The youngsters ( played by Mandy Miller, Gary Billings, and Fusty Bentine ) are all well-suited to their roles, as is Grampy ( Ronald Squire ), and Jan Miller is especially adorable as a young American neighbor with a crush on the handsome officer. Parts like Tony were tailor-made for Kenneth More, who had such a winning personality. It's no wonder he attracts young women in addition to winning the hearts of his own children! 
Alfred Toombs, who penned the titular book in 1949, had a number of children of his own, and this account was autobiographical. Toombs had been away in the Navy for three years and, upon his return home, had to care for his kiddies when his wife left the country. Housework, cooking, and child-rearing were all new experiences for him and he wrote about them in such a humorous fashion that the resulting book sold quite a number of copies. In the film, Tony is frequently seen typing about his day-to-day mishaps with the little ones, but oddly enough the audience is never told what becomes of Tony's writings. Instead, at the end of the film, he finds himself called back into service again and blesses his wife with the words: "I wouldn't be a woman if the entire United Nations got down on their knees and begged me! Do you know what a woman has to be? She has to be a cross between a saint and a drayhorse, a diplomat and an automatic washing machine, and a psychologist and a bulldozer!" 

Wednesday, September 13, 2017

The Impossibly Difficult Name that Movie Game

"Inspection!!" Never look a gift horse in the mouth.....but this commanding officer doesn't like the looks of one the horses. Do you remember this scene? Unfortunately, it's yet another blurry screenshot. However, put your thinking cap on! There are enough clues in this scene to solve the puzzle.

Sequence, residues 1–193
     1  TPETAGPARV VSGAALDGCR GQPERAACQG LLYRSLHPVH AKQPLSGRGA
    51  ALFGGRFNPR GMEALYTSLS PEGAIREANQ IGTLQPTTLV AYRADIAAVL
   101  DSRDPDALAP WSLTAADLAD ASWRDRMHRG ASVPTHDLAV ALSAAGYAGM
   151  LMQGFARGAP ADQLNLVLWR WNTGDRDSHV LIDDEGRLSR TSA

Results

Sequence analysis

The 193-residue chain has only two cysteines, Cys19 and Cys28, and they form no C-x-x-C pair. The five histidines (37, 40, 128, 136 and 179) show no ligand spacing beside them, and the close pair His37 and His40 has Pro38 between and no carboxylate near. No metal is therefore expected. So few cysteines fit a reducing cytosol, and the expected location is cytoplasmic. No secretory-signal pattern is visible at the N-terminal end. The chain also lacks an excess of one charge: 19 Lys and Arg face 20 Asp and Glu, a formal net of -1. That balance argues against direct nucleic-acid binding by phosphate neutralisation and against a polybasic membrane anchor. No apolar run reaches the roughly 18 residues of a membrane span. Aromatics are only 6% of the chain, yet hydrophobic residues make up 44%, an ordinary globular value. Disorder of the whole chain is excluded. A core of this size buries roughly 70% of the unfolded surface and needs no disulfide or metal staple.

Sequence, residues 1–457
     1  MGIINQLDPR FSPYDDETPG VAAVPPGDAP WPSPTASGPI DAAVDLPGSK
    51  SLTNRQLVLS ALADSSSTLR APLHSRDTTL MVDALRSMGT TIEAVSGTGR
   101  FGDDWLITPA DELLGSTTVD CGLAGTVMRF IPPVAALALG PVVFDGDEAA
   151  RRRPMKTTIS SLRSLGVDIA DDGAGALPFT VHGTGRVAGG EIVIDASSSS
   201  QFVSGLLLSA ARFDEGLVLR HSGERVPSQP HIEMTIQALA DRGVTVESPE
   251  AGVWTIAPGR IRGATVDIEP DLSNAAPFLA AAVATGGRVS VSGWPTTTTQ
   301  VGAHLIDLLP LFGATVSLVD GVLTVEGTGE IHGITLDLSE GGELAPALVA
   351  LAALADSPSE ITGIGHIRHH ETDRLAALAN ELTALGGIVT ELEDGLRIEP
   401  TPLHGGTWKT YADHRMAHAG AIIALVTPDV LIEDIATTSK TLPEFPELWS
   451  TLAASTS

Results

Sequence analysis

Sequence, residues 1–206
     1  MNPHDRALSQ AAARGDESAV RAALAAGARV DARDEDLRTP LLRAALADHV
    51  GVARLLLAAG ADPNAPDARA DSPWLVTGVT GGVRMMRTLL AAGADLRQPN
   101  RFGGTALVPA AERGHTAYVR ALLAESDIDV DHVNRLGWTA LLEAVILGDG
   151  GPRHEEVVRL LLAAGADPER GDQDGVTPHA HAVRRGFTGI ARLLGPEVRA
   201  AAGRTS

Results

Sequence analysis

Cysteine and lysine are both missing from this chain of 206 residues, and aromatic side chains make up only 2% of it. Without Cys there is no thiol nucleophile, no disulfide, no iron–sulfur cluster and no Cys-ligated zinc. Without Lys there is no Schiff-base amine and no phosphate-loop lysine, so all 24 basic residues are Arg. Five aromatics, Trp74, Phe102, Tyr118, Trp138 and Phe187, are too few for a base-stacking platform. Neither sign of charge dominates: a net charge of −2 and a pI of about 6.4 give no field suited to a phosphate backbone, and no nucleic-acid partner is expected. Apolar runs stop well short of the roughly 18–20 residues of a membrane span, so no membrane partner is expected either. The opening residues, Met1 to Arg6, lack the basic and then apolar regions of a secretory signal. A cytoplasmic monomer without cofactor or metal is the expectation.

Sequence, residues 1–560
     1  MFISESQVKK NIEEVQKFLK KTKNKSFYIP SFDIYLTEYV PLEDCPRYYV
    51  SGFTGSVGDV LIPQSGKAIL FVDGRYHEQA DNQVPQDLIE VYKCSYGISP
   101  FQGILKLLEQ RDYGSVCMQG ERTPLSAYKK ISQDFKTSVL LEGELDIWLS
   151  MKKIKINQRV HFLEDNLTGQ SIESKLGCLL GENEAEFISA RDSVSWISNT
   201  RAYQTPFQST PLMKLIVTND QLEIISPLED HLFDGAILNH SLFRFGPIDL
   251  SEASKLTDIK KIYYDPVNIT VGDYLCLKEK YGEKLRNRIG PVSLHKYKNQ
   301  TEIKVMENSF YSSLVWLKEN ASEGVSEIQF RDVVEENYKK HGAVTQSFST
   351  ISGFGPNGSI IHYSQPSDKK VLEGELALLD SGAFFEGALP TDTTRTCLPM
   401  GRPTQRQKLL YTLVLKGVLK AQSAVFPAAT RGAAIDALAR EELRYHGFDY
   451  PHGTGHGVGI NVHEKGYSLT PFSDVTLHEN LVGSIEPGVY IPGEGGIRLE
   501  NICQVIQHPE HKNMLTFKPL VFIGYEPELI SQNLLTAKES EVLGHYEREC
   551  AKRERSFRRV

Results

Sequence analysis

As always, if you are not familiar with the rules to the Impossibly Difficult Name that Movie game or the prize, click here!

Friday, September 8, 2017

Back to School! - Classic Films About Teachers

Labor Day has passed and the crisp air of September has set in, so that can only mean one thing - it's back to school time! Teachers across America who have enjoyed three months of blessed silence are now back to facing a brood of bright-eyed and mischievous youngsters.

Their task at hand is trying to instill into their heads a little bit of wisdom and a lifelong love of learning....within the span of one school year. Some do it, other fails...but almost all give it a good college try. 

In celebration of these teachers, we've assembled an assortment of pedagogic productions from the 1930s-1970s. Take your seats now and get ready for the lecture. The good, the bad, and the brilliant are hidden somewhere among these teacher-features :

Goodbye, Mr. Chips ( 1939 )

The best film adaptation of James Hilton's classic novel which reflects on the life of a timid British schoolmaster and the winsome ways he had with his pupils. Robert Donat won an Academy Award for his performance. Greer Garson, John Mills, and Paul Henreid also star. 
Cheers for Miss Bishop ( 1941 )